Celebrating the holiday season abroad

From now until after New Years our house is décor central. The truth is that it will be a while before the house looks “normal.” Currently we’re in Halloween mode and then that will be replaced with Thanksgiving and then Christmas. I’ve always been one to decorate but now as an expat living in the Middle East I feel a greater sense of responsibility to decorate and celebrate all holidays from my home in a big way. Part of this feeling comes with the responsibility to share the same childhood experiences I loved with my daughter.

One big challenge to my plan to shower my daughter with holiday love is that when you live overseas it’s difficult to get some of the things that are so readily available back home. When you find such items you must snatch them up and expect to pay a hefty price. For example, I just returned from the store and bought the following items:

2 small to medium pumpkins- $75
1 large turkey- $100
Pumpkin pie cans- $15 each

I know you’re probably wondering why I got the turkey and pumpkin pie stuff now since we’re a month out from Thanksgiving. I got them because I saw them and I may not see them again before Thanksgiving. I needed to stock up and be ready for the upcoming holiday. And yes, the prices are VERY steep but other items are cheaper than in the States. At the end of the year I feel that I still come out ahead and I’ve created a memorable experience for my daughter, one that reminds my husband and I of home.

Ready to celebrate Halloween in Saudi!

Ready to celebrate Halloween in Saudi!

I also love incorporating things from where we live now into our holiday celebrations. You know, “when in Rome!” Our community is full of so many talented people that pull their creative abilities together for some really festive holiday craft fairs. When we do move back to the States we will come with some pretty awesome holiday décor!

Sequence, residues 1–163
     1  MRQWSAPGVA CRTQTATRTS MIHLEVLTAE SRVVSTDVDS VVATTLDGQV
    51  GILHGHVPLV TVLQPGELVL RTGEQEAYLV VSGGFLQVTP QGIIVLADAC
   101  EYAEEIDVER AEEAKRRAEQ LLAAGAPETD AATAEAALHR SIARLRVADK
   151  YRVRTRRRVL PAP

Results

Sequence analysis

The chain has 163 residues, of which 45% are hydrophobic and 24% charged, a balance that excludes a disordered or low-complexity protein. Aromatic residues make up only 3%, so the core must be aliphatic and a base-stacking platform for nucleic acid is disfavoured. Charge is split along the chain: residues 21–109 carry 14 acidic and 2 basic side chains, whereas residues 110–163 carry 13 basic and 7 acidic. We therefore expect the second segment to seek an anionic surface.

However you celebrate it’s important to have fun with it no matter where you live. I love incorporating our heritage into how we do things while also being open to learning about the local culture. For me, these aspects are what makes living overseas such an experience and adventure.

Do you live away from the place you call “home?” How do you take this into account when celebrating holidays?

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One thought on “Celebrating the holiday season abroad

  1. Ember Leigh says:

    Excellent post. Celebrating holidays abroad is such a unique experience, and while it sometimes lacks certain things (i.e. the rest of my family!), it brings around other things in abundance. For example, last year I lived in Valparaiso, Chile, and celebrated both Thanksgiving and Christmas there. The Thanksgiving celebration turned into an ENORMOUS potluck for me and my friends there, but almost none of them were American. So it ended up being a delightful intercultural celebration, but with lots of back-home food essentials based on my family tradition (like green bean casserole and corn casserole, etc!).

    Christmas too I spent there, again in the company of friends. Even though it was high summer there, it still maintained that unmistakable element of Christmas. It must have been the laziness and all the snuggling that occurred…oh, and the eating! But more than that, the good company.

    This year, my holidays will be spent from a new home base, which is Peru…and I’m just hoping to move into our new place by Thanksgiving, and that it has an oven! You’re right, finding those ‘basics’ is REALLY hard abroad, and you can’t always count on things being at a market from one visit to the next. I recently saw some pumpkins at a supermarket in Lima and I wanted to buy them all up!

    Thanks for sharing your experience! I really identify with the need to preserve the holidays abroad, whether for oneself or children or otherwise. Before being an ex-pat, I never realized the importance of holidays in the cultural fabric of my identity…but now, I recognize that it’s really important for me, and also REALLY FUN!

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